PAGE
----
Slowly, T'Pol lifted the topmost card from her pile and placed it dead centre on the table, turning it over as she did so. Three of clubs. Jonathan was next. He was considerably quicker. Ace of spades. Malcolm was next, scowl firmly in place. Almost sullenly he dealt a nine of diamonds. Trip matched the captain's pace as he dealt his card. Nine of spades.

"Snap!" three officers yelled, almost simultaneously, their hands on top of each other. Carefully, they inspected the stack. Trip's hand was sandwiched firmly between Jonathan and T'Pol's. Hers was underneath. She was good. For her first game, she was very good. Reluctantly, the two men pulled back and allowed her to take her cards. A quick glance to his left told Jonathan that his armoury officer was regarding the whole situation with vague amusement, and very raised eyebrows.

"Now you deal again," Trip informed her.

Eight of clubs. Then a seven of clubs. Queen of diamonds. Jack of hearts. Two of spades. Ace of hearts. Ace of clubs.

"Snap!" To everybody's surprise it was Malcolm who pulled back the cards, now openly smirking. "Oh, what a shame," he told a dumbfounded Trip, "didn't I tell you I always play to win?" He then quickly laid down a king of clubs.

"Now that's your kinda card," Trip remarked, and laughed at Malcolm's monotonous expression. He then laid down the joker. "How on earth did that get in there?" he wondered, pushing it idly off the table's surface.

"Now there's a card representing you if ever I saw one, Commander," Malcolm retorted calmly, smirking as he picked the joker up off the floor and tucked it safely into his pocket.

Trip dealt again. Seven of spades. T'Pol, a queen of spades. Then an eight of hearts. Seven of hearts. Ten of spades. Jack of clubs. King of hearts. Ace of diamonds. Four of spades. Four of clubs.

"Snap!" This time, Trip was the victor, albeit very narrowly.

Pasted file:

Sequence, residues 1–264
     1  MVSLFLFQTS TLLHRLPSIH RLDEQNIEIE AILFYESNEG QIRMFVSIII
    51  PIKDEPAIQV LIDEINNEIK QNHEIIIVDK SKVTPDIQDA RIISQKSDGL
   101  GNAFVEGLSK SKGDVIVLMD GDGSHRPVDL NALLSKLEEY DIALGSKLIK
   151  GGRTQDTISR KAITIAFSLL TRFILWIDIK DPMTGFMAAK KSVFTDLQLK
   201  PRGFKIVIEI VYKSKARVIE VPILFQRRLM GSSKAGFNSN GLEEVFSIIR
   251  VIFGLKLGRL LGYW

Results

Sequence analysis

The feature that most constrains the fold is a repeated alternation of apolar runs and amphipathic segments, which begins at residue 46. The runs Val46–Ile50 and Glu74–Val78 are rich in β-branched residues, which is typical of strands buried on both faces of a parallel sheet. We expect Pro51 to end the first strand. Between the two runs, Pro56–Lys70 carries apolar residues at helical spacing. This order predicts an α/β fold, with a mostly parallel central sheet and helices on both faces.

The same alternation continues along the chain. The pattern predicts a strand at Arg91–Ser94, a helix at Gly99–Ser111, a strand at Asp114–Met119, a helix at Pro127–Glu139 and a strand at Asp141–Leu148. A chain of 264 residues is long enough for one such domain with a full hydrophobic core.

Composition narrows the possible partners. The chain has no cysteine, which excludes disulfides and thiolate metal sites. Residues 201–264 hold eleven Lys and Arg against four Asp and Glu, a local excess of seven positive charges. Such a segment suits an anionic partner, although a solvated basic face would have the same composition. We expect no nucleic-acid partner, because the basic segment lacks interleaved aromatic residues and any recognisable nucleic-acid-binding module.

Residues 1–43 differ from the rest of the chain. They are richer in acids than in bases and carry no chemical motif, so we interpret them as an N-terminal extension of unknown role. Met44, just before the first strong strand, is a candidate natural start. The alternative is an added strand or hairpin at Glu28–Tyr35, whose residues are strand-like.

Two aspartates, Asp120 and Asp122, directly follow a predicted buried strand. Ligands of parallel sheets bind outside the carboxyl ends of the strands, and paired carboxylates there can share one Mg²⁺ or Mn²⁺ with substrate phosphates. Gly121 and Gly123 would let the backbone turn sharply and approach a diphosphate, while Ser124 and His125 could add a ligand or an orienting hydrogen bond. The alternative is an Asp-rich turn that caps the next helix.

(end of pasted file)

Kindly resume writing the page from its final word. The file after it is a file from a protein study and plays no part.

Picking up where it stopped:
The game continued on in this vein for perhaps half an hour before Jonathan laid down his last card, a six of diamonds. "Looks like I'm out," he said. "I'm almost sorry," he added, looking from the chief engineer to the armoury officer with amusement. Both were regarding the other with narrowed eyes, leaned in towards the table, heads down and hands ready on their considerably-sized (and pretty much equal) decks. T'Pol was sporting a slightly smaller pile of cards, and Jonathan could tell she was also ready to resume playing.

Hmm. A competitive spirit. He wondered idly if that was a common Vulcan trait, or if the sub-commander was simply picking up a few of humanity's cleaner habits. He eventually decided on the former, recalling Ambassador Soval's repeated attempts to out-stare Trip at Starfleet functions in the past (it wasn't possible; this he knew from experience).

However, he was ignored as Malcolm laid down a three of clubs quicker than he thought was possible. Somehow Trip and T'Pol were able to match the pace as they laid down their cards in rapid succession, barely pausing to breathe, let alone talk, three pairs of eyes riveted on the growing pile of playing cards.

"Snap!" Jonathan had blinked, and had missed it. A veritable pile in the middle of the table, and three hands on top of each other. Malcolm looked smug as he removed the cards that were now rightfully his, and added them to his existing collection.